A Norco firefighters labor group is defending its right to campaign in local elections amid concerns that its members, who mostly live outside of the city, unfairly influence campaigns.The issue of unions investing significant money and time in local elections is not new to California cities, some of which have tried to limit their involvement, according to the citizens group California Common Cause. In defense of the practice, union organizers and some local candidates argue that lobbying groups have a constitutional right to support candidates making decisions that directly affect their professions.At a recent Norco City Council meeting, Richard Hallam, chair of the Parks, Recreation and Community Services Commission, told the council he was concerned that the Norco Firefighters Association wields too strong of an influence in city elections and poses a conflict of interest partly because most of its members do not live in the city.”They have so much money to give to candidates and they put up big signs saying Norco Firefighters Association endorses such and such candidates,” said Hallam, mentioning this year is another election year. “It’s an unfair advantage for the people they endorse… Why don’t they let the citizens of Norco elect who they want to elect?”
The issue is especially important this year with two City Council seats being contested in this November’s election.
Hallam pointed to difficulties this year between the association and the city when the city tried to reduce the fire department’s budget. Meetings carried on for weeks, and Councilman Malcolm Miller said he was pressured heavily to the point that he felt intimidated.”When the firefighters provide you with support to become elected, there appears to be an unwritten quid pro quo so that when you don’t make a decision in the direction that they would like it to be, they see it as a betrayal. It almost gets to the point of political intimidation,” said Miller, who enjoyed the support by the association when elected.Firefighter endorsements can have significant sway with voters because of their status in the community, Miller said.”But I think some of the associations have abused that power,” he continued. “I think that trying to influence elections is a perfectly legitimate activity, but like most activities, there is a balance. When taken to an extreme, it is unacceptable.”Norco Fire Chief Jack Frye, who is not a union member because he is a department head, said Hallam’s concerns are valid.”If the union were to say to a candidate running for council, ‘Because we enjoy great public support as firefighters, we’re willing to support you provided you remember us down the road,’ to some, that presents a real conflict because it’s given with an expectation of a return,” said Frye.He said 90 percent of Norco firefighters live outside of the city.”I really don’t have any issue with them getting involved. I can only say in defense of Mr. Hallam’s statement… why are you allowing 90 percent of the people in the fire union who don’t live in the city to control our election?”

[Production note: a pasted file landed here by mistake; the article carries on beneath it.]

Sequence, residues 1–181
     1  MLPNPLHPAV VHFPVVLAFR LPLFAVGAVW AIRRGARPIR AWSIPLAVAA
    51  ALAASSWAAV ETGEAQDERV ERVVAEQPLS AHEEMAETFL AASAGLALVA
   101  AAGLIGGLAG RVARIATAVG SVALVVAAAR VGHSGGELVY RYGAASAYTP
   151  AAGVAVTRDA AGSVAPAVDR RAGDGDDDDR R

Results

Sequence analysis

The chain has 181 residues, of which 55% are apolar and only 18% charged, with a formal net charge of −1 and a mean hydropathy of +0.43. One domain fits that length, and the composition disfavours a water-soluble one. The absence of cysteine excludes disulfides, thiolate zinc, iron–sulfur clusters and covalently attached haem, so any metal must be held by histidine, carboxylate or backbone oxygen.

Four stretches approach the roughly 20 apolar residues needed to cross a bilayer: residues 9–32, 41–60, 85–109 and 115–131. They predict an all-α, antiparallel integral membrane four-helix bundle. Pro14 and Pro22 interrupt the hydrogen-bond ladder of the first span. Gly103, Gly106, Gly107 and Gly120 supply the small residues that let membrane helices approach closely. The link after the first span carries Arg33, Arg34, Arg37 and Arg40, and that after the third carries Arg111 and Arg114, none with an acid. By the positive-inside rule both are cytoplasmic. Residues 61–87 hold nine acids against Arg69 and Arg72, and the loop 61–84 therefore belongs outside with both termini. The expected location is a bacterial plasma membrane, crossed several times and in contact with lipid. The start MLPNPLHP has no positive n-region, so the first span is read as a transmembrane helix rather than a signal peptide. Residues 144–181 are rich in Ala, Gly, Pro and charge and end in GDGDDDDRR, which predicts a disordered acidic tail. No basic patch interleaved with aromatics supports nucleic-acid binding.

MORE THAN A RIGHT
Ron Laursen, president of the Norco Fire Fighters Association, defended the union’s involvement, saying firefighters have a substantial interest in the city they spend one-third of their working lives in and that the council’s decisions affect fire and public safety.”I think what it comes down to is firefighters get involved because they (elected officials) make decisions that affect our staffing, our response times, our firefighter safety and public safety,” said Laursen. “It’s not only a right to participate, it’s a responsibility. We need to make sure our firefighters are safe on the job.”Laursen does not see a conflict of interest with the firefighters union campaigning for a candidate because campaigns are about getting a message out to the public — and theirs is to promote safety.”We are the experts when it comes to those things,” Laursen said.Kevin Bash, a City Council candidate, says lobbying groups have a constitutional right to get involved in local elections.”As much as it can be frustrating that there are lobbying groups, it’s America,” said Bash. “How can you tell an American citizen who bands together with another American citizen not to support their cause?”Bash recognizes that support by a union means money, exposure and power.”What you hope is that if you’re backed by a large entity like that, whoever is being backed has enough integrity to see the bigger picture,” he said.
Story by: Press Enterprise